Ending with identifying linguistic discrimination and unpacking raciolinguistic ideologies is frankly depressing and frustrating. We made sure to end the class with recommendations and next steps suggested by Drs. Rosa and Flores (2017) (see Day 2). We also picked up the following week with a review of Linguistic Justice; students had been introduced earlier in the semester to the work of Dr. April Baker-Bell. Additionally, our undergraduate teaching assistants modeled for students some linguistic justice efforts they were engaging in and making space for students to brainstorm their own language justice activism. They created PSAs and posters for proposed school clubs and coalitions. Additionally, some (~10 – two groups of 4-5) decided to take their questions further and focused on raciolinguistic ideologies in their lives and communities as their final projects: one on stereotypes of Mexican Americans’ English and the other on Immigrants Students’ Heritage Language Maintenance.


Altogether I can’t say I’ve arrived at some perfect version of this unit or course but through this process, I was able to see visible results of reflexivity in my teaching practices and a return to the original tenets of Culturally Responsive Pedagogy. Additionally, an unanticipated outcome of this experience is the evidence for a rebuttal to all those who would say that Asian American history is not relevant to students who are not Asian Americans – this record shows that it is simply not true. Finally, it raises some questions for the teacher workforce in the U.S. --80-ish percent of whom are white– a much less diverse population than students. While sociolinguistics is not a part of the standard curriculum, making other content like science or English Language Arts culturally relevant or sustaining should include a discussion of ideologies of appropriateness and standardization which are tied to racial ideologies. If we as educators want to be honest about how students' language(s) will be evaluated shouldn’t we first be honest about how our own language(s) and identities have afforded us privilege or prestige?


I’m coming up on another year of teaching for this program. I earnestly invite any feedback and critique. Thanks for reading!


ANNOTATED LESSON PLAN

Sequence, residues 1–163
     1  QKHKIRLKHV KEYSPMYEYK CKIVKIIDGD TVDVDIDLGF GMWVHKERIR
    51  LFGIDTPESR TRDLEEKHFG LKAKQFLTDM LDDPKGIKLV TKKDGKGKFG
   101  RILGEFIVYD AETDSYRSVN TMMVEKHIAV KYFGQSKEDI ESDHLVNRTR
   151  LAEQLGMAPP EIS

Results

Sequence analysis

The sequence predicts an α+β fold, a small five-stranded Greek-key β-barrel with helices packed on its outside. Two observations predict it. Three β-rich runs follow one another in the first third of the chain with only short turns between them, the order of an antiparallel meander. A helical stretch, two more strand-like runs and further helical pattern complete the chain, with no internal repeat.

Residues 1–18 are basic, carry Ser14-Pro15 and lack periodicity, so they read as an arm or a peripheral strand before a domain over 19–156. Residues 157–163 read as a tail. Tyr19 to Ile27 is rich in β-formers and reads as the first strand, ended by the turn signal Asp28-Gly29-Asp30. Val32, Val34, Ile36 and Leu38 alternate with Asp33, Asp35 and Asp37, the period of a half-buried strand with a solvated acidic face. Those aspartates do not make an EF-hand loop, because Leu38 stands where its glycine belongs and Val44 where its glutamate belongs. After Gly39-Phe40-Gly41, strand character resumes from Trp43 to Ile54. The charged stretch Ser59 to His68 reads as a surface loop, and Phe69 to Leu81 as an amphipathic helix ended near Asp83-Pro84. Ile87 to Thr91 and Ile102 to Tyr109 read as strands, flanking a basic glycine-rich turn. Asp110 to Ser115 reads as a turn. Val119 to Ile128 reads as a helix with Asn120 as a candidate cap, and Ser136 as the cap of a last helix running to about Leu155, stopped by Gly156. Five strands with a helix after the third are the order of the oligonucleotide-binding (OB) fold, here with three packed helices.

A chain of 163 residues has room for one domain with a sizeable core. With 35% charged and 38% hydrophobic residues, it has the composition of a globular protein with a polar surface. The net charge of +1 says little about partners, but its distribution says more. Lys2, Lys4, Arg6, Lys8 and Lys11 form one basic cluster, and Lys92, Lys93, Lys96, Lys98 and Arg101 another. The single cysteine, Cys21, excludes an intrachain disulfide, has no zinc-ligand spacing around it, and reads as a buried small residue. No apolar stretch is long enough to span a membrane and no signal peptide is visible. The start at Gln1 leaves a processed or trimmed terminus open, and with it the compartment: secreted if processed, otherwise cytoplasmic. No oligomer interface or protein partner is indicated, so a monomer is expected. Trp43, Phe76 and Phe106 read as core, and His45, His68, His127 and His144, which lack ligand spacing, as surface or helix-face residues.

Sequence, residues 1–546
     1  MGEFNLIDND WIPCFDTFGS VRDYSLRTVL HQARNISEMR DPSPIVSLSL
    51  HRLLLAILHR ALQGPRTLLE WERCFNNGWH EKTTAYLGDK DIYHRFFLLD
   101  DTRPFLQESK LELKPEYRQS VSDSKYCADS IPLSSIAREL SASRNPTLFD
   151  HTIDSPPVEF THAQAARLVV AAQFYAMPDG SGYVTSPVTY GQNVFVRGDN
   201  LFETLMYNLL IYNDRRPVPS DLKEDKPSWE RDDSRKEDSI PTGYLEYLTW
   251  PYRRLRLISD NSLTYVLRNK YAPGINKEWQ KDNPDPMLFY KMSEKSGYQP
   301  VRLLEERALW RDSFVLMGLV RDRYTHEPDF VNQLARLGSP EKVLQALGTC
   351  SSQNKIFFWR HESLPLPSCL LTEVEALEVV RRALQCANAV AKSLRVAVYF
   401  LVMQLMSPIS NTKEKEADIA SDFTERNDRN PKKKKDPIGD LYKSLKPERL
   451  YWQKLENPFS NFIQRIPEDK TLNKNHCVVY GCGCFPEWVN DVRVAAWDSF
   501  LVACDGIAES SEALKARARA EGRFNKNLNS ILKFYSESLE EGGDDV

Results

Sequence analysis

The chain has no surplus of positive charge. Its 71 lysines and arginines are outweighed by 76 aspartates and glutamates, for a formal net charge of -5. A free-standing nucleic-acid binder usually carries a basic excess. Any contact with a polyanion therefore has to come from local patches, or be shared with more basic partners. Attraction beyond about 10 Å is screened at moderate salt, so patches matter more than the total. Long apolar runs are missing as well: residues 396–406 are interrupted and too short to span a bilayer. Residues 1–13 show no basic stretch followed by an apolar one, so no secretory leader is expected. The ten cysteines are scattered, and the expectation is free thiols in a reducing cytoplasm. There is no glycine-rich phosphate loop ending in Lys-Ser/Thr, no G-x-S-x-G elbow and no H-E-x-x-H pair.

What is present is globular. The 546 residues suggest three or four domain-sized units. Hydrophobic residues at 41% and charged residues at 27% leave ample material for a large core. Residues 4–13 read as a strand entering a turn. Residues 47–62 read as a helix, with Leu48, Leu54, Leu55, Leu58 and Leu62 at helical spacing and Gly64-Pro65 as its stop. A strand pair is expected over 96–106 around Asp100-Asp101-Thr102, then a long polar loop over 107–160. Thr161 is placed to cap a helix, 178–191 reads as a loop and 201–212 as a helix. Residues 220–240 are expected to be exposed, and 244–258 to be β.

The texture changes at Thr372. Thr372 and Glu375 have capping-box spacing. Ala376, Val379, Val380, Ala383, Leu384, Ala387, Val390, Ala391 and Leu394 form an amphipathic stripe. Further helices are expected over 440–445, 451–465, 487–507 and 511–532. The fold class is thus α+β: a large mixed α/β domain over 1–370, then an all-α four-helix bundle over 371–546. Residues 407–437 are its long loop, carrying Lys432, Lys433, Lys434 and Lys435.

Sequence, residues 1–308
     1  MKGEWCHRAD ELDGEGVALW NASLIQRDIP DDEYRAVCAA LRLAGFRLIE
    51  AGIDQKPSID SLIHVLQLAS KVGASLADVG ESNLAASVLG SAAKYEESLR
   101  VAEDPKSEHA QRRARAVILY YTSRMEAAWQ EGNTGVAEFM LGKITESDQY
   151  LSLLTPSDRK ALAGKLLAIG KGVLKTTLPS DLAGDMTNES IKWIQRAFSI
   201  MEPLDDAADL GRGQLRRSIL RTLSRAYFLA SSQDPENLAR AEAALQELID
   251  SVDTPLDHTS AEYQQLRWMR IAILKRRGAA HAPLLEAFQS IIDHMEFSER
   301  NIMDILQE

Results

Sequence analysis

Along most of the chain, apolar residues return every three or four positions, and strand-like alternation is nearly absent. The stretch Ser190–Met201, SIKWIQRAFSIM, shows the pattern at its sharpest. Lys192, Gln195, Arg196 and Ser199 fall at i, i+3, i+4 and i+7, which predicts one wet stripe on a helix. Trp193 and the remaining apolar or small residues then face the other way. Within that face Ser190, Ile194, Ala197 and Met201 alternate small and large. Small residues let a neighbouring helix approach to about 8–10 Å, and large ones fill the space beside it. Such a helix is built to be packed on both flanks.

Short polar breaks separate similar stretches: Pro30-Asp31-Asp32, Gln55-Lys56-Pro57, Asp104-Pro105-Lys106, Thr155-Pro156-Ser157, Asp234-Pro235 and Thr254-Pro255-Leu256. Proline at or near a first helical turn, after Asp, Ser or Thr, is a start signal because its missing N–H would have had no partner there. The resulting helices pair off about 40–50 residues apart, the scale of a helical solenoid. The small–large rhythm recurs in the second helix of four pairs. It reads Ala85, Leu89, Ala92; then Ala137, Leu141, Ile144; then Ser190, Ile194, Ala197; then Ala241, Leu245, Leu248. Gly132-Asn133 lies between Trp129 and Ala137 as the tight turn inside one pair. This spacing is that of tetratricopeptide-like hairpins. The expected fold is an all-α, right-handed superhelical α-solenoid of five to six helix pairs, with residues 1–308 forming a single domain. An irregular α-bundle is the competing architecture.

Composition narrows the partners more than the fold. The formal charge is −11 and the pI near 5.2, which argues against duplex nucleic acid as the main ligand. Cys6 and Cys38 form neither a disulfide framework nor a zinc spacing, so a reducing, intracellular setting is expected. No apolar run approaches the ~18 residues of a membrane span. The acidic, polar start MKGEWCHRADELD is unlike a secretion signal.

Day One

Warm-up

Freewrite: What do you know about Asian Americans? What have you learned in school? Can somebody sound like a race or ethnicity? What do you think that means?

  • Most students responded that the only thing they knew about Asian Americans was that they built railroads and that they were experiencing increased hate crimes throughout the COVID pandemic. Most students also responded that yes, you can sound like a race… but it depends…

  • We used the free-write as a jumping-off point focusing mostly on the second question and kept some notes on the whiteboard of why people did or did not agree with the question.

  • All of the questions were also available in writing on a handout.

Part One

Watch the video as a class-- "Where are you from?" Before starting the video ask students to consider the following questions: What ideology of language is the man demonstrating through his question? In other words, what must he believe about language in that interaction?

  • Students identified that the man assumed the woman could not speak English because she was Asian. I shared how this happened to some of my family and friends and explained the term “perpetual foreigner stereotype”

Discuss: Where does this raciolinguistic ideology come from?

  • Students were already introduced to the term “ideology” in previous weeks when we discussed ideologies of appropriateness – see more about this here.

  • After introducing the term “raciolinguistic ideology” to the class we deconstructed it on the board and we provided a definition from and short biographies for Drs. Nelson Flores and Jonathan Rosa.

  • Most students concluded that people were simply not educated or that they were racist but could not determine how the raciolinguistic ideologies formed in the first place – so I asked them to join me in this line of inquiry.

Part Two

I posed a new question: Where do stereotypes come from? This, I explained requires some historical context. We had already learned about colonization and linguistic discrimination toward Native Americans. Building on that I introduced and contrasted early migration from Europe and then China in the 1800s. Then, I provided a timeline of historical events, migration patterns, immigration and citizenship policies, and demographics in the U.S.-- specifically California and an image from an American magazine in 1878--both pictured below. I asked students to:

  1. Compare both sides of the picture from an American magazine in 1878. What is it suggesting? What stereotypes about Asian immigrants is this type of representation constructing?